We used a structural equation model to examine different connections between observed variables and to recognize the direct, indirect, and total effects of IMR based on Health Nutrition and Population Statistics indicators. This study found that the maternal mortality ratio, fertility rate, government expenditure on health, and GDP per capita do have a significant impact on the infant mortality rate in Ethiopia and the study showed that that there was a reverse association between IMR and GDP. However, the model showed that BCGI was insignificant to the IMR. As we observed in the present study, a reduction in the fertility rate, improvement in the general care of mothers, and increasing the per capita GDP of the country are the most important factors for decreasing IMR. The variables FR and MMR were the mediators from OOP to IMR and from GDP to IMR, respectively. FR had the highest standard coefficients for increasing the infant mortality rate (IMR) directly and indirectly through MMR. In line to this, both government and stockholders should design and implement programs to decrease the FR and MMR and increase the per capita GDP and OOP to decrease the rate of infant mortality. Therefore, from our research hypotheses, H1 and H3 are fully supported while the rest of the research hypotheses H2, H4, H5, and H6 were partially supported. From our model, the covariance residual value was smaller (all values were less than 1.96 in absolute value), and it showed a good estimate of the fit of covariance for structure models.

Author Contributions

Conceptualization, E.A.D. and M.G.C.; methodology, E.A.D.; software, E.A.D.; validation, E.A.D., M.G.C. and A.A.; formal analysis, E.A.D.; investigation, E.A.D.; resources, E.A.D.; data curation, E.A.D.; writing—original draft preparation, E.A.D.; writing—review and editing, E.A.D.; A.A; and M.G.C.; visualization, A.A.; supervision, A.A. and M.G.C.; project administration, E.A.D.; funding acquisition. All authors have read and agreed to the published version of the manuscript.


No funding was available to conduct this research.

Institutional Review Board Statement

Not applicable.

Informed Consent Statement

Not applicable.

Data Availability Statement

“World Bank Open Data|Data”. Retrieved 4 October 2022 (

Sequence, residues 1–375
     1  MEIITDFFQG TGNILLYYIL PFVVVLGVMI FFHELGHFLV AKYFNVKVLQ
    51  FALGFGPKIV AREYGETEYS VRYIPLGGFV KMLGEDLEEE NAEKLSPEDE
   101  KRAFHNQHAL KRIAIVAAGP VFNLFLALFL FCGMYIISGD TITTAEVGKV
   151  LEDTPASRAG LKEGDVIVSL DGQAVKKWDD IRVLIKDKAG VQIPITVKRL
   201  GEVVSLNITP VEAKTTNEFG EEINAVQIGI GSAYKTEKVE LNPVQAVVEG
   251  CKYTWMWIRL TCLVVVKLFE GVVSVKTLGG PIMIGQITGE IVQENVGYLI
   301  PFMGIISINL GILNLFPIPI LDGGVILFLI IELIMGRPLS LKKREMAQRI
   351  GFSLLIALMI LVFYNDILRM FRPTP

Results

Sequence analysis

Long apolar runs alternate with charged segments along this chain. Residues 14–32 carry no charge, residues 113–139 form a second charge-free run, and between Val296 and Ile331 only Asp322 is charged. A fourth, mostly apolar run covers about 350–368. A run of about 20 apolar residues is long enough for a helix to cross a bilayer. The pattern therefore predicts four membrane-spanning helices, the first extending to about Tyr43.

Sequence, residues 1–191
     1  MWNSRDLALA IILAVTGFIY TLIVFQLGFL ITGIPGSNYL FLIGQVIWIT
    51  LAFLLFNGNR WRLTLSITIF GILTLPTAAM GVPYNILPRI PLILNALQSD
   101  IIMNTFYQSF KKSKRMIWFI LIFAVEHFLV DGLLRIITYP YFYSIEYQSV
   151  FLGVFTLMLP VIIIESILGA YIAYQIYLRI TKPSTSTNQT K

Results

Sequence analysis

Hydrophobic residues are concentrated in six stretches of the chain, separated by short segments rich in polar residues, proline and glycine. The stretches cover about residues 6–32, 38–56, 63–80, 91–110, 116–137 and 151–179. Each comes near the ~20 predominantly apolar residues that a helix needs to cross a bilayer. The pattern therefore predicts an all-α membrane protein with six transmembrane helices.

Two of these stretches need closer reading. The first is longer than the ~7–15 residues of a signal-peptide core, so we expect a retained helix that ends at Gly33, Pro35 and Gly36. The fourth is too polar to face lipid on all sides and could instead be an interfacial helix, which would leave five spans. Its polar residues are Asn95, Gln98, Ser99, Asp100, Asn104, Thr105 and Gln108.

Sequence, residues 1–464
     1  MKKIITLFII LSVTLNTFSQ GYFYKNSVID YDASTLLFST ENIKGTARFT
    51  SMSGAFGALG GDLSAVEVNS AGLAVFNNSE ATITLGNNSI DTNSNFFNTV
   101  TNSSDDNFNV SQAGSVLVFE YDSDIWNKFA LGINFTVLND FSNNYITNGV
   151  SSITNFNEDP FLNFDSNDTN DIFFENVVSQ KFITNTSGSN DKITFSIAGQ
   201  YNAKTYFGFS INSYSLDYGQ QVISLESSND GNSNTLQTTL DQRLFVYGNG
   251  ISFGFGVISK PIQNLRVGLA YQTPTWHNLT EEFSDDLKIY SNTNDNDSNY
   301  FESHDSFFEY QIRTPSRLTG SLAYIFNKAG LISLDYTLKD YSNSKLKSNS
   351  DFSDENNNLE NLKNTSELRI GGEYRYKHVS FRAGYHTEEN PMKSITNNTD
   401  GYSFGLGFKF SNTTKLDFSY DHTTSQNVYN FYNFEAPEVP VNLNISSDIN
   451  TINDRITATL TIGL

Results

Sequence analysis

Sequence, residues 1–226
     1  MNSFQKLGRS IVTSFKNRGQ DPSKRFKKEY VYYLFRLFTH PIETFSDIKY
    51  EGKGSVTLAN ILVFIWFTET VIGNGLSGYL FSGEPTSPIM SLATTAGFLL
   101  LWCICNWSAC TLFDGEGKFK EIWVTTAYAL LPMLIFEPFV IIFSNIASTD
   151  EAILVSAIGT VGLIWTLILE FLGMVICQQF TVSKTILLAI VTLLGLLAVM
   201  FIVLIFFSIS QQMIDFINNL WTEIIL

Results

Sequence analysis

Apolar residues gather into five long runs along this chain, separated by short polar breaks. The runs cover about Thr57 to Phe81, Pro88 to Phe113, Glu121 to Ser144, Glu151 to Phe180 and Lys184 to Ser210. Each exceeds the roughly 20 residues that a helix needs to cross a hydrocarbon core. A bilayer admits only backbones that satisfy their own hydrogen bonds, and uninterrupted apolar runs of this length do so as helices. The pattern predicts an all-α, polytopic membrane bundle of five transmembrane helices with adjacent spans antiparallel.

Conflicts of Interest

The authors declare no conflict of interest.


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Figure 1. The directed cyclic graph/path diagram of the research model.
Figure 1. The directed cyclic graph/path diagram of the research model.
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Figure 2. The path diagram: the path standardised coefficients of the risk factors on IMR (2000–2019).
Figure 2. The path diagram: the path standardised coefficients of the risk factors on IMR (2000–2019).
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Table 1. List of endogenous and exogenous variables and their abbreviation.
Table 1. List of endogenous and exogenous variables and their abbreviation.
S. NObserved VariablesAbbreviationDefinition
1GDP per capitaGDPGross domestic product, the monitory wealth of the nation of one country’ goods and services over a given period, usually in one year.
2Out-of-pocket expenditure on health.OOPHouseholds or individual direct expenses to health institutions or health service providers (it does not include taxes and health insurances).
3Domestic general government health expenditure on health (as % GDP)GGHE-DThe share of current domestic government resources used to refund public health expenditure as a share of the economy, and it is measured by GDP.
4Fertility rateFRThe number of children born to a woman in her childbearing-age years and bearing children in accordance with the age-specific fertility rates of the specified year.